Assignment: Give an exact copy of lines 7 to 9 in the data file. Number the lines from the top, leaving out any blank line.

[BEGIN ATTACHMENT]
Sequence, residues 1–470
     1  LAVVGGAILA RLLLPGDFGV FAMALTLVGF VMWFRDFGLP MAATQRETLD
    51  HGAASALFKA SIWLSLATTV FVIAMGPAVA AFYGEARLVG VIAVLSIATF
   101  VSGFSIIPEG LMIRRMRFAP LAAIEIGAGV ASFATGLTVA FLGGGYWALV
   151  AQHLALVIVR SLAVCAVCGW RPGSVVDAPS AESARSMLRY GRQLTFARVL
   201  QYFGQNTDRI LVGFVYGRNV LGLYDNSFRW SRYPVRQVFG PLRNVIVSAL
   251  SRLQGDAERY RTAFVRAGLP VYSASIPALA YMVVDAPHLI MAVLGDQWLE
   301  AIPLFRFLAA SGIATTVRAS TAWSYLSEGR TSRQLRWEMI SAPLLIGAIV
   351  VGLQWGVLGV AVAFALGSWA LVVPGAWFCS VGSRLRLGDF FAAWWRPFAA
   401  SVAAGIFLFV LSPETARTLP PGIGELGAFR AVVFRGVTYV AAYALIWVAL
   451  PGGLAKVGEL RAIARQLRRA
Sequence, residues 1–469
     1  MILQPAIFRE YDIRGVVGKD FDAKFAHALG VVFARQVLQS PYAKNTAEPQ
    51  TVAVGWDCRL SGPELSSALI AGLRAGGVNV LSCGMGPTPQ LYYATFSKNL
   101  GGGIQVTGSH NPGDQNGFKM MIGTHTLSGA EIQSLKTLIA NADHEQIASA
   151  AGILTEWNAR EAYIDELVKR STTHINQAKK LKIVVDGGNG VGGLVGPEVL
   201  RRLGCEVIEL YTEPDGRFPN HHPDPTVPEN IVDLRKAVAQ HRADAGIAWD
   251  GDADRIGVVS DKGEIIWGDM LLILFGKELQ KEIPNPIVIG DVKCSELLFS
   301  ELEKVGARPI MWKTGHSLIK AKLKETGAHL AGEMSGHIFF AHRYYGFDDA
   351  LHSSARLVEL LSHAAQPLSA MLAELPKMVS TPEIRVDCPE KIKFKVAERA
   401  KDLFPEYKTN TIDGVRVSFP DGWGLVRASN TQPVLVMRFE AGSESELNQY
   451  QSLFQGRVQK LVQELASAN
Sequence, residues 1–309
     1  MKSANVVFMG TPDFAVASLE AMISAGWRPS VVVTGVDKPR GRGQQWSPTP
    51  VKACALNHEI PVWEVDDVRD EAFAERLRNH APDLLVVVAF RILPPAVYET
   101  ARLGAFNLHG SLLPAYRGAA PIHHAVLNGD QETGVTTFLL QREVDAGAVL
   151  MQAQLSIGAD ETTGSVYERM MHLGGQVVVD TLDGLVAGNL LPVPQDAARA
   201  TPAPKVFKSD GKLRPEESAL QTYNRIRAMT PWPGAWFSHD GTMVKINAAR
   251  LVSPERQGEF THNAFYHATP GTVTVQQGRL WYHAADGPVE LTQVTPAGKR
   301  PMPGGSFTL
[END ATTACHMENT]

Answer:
   251  SRLQGDAERY RTAFVRAGLP VYSASIPALA YMVVDAPHLI MAVLGDQWLE
   301  AIPLFRFLAA SGIATTVRAS TAWSYLSEGR TSRQLRWEMI SAPLLIGAIV
   351  VGLQWGVLGV AVAFALGSWA LVVPGAWFCS VGSRLRLGDF FAAWWRPFAA